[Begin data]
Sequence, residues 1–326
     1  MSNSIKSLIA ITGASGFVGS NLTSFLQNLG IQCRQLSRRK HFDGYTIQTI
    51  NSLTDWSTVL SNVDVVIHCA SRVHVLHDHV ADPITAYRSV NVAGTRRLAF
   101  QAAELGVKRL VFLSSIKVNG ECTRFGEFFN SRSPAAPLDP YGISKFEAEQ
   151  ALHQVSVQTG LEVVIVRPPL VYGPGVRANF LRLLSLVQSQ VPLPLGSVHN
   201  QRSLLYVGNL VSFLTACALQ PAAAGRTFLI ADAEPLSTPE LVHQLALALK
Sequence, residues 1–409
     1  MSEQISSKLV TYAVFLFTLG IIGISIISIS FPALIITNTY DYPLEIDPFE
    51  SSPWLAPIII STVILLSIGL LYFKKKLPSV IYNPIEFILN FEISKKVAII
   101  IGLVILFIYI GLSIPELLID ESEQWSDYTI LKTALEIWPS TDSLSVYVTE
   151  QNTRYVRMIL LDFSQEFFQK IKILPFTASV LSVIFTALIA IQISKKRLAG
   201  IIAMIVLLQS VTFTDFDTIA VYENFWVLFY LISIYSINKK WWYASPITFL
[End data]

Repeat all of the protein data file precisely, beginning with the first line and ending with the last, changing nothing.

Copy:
Sequence, residues 1–326
     1  MSNSIKSLIA ITGASGFVGS NLTSFLQNLG IQCRQLSRRK HFDGYTIQTI
    51  NSLTDWSTVL SNVDVVIHCA SRVHVLHDHV ADPITAYRSV NVAGTRRLAF
   101  QAAELGVKRL VFLSSIKVNG ECTRFGEFFN SRSPAAPLDP YGISKFEAEQ
   151  ALHQVSVQTG LEVVIVRPPL VYGPGVRANF LRLLSLVQSQ VPLPLGSVHN
   201  QRSLLYVGNL VSFLTACALQ PAAAGRTFLI ADAEPLSTPE LVHQLALALK
Sequence, residues 1–409
     1  MSEQISSKLV TYAVFLFTLG IIGISIISIS FPALIITNTY DYPLEIDPFE
    51  SSPWLAPIII STVILLSIGL LYFKKKLPSV IYNPIEFILN FEISKKVAII
   101  IGLVILFIYI GLSIPELLID ESEQWSDYTI LKTALEIWPS TDSLSVYVTE
   151  QNTRYVRMIL LDFSQEFFQK IKILPFTASV LSVIFTALIA IQISKKRLAG
   201  IIAMIVLLQS VTFTDFDTIA VYENFWVLFY LISIYSINKK WWYASPITFL